Why include ergonomics in a design?
Ergonomics is often seen as something that is “nice to have” rather than an essential part of a design process. Usually, when I see clients who have employees suffering musculoskeletal problems it is because there’s been no thought given to the usability of the workstation at the design stage. Or something about it has changed and not added in the best way. Looking at the ergonomics or usability after a new workplace is in use can be costly.
Why usability is just as important as aesthetics
One of the cases that I will always remember clearly was working with a clothing retailer who had had very beautiful new cash desks designed and put into their flagship stores.
The counters had glass surfaces and had been designed to be kept clear. Staff were supposed to use them to fold and pack purchases for customers. The designer had decided that the whole computer system would be hidden from customer’s view, so as not to be distracting, under the counter top.
It looked great. Of course it did! It was an aluminum, glass and grey counter. There was no clutter. It was spotless. All the equipment was tidily on shelves and out of the way. There were no obstructions between staff and customers. Unfortunately, in the first weeks of using the slick new counters there were complaints from the staff using them. And complaints kept on coming. There were sore backs, sore necks, sore shoulders and aches and pains.
Correctly identifying ergonomics problems
The retailer decided they’d better see what was causing the problem. Before it got worse. Or they ended up in court. They asked us to take a look. I went to a store to see what was going on. From an ergonomics perspective, it didn’t take long to figure it out.
The counter was low to begin with (35.4 inches) which would have been ok for folding and packing unless you were particularly tall. But having all the checkout equipment under the glass surface made things even worse. Trying to view the screen was undoubtedly causing the biggest problem. Because it was completely under the counter glass it had to be almost horizontal. This made things really difficult – it was too low and the glass over it had a lot of reflection from the store lighting above.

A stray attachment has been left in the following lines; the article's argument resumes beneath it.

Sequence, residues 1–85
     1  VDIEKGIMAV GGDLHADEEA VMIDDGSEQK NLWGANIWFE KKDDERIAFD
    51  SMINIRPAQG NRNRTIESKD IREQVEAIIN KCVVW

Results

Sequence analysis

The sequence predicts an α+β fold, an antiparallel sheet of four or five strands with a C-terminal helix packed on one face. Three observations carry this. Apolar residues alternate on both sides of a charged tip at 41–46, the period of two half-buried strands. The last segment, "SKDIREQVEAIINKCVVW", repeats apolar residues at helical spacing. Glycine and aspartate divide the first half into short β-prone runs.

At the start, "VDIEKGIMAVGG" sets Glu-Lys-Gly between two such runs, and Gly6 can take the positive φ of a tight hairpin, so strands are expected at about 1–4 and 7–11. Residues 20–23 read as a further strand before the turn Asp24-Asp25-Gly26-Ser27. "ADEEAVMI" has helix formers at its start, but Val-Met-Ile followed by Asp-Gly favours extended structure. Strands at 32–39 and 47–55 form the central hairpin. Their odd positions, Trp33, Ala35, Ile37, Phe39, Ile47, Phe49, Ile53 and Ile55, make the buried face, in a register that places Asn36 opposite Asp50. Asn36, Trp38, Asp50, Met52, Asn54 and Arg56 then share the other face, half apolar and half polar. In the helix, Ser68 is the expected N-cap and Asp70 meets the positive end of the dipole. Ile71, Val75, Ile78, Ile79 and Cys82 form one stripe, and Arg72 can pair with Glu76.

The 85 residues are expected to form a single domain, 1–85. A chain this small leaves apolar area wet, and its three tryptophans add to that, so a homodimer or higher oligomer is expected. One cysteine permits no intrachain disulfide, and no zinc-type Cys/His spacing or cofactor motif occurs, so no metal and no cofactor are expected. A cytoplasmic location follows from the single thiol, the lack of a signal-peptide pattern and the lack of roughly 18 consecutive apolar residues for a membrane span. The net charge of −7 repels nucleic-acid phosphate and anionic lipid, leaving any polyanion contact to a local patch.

I spoke with the client while I was in the store and sent them a report reiterating my points. The counters had to be changed – there was no way to improve the usability with everything under the glass. Moving the screen and mouse up on to the counter – in the more traditional location was going to be the best way to address the staff problems. It would eliminate the reflections, place the screen where it could be more easily reached and – best of all, ergonomically speaking – allow different users to adjust the screen to where they wanted to use it.
Why usability is critical in the initial design process
Although the counter had met the original aesthetically pleasing design brief – it lacked usability; in a big way! The client ended up having to move the checkout equipment in stores where the counter was already rolled out, and have the counter redesigned for future rollouts. If the retailer had insisted that an ergonomist or usability expert be involved at the start of the project, working with the designer, time and money could have been saved. And the dissatisfaction of the staff could have been avoided.
The lesson here is that while the looks are undoubtedly important… it’s at least as important to make sure that the finished workstation is ergonomically correct too.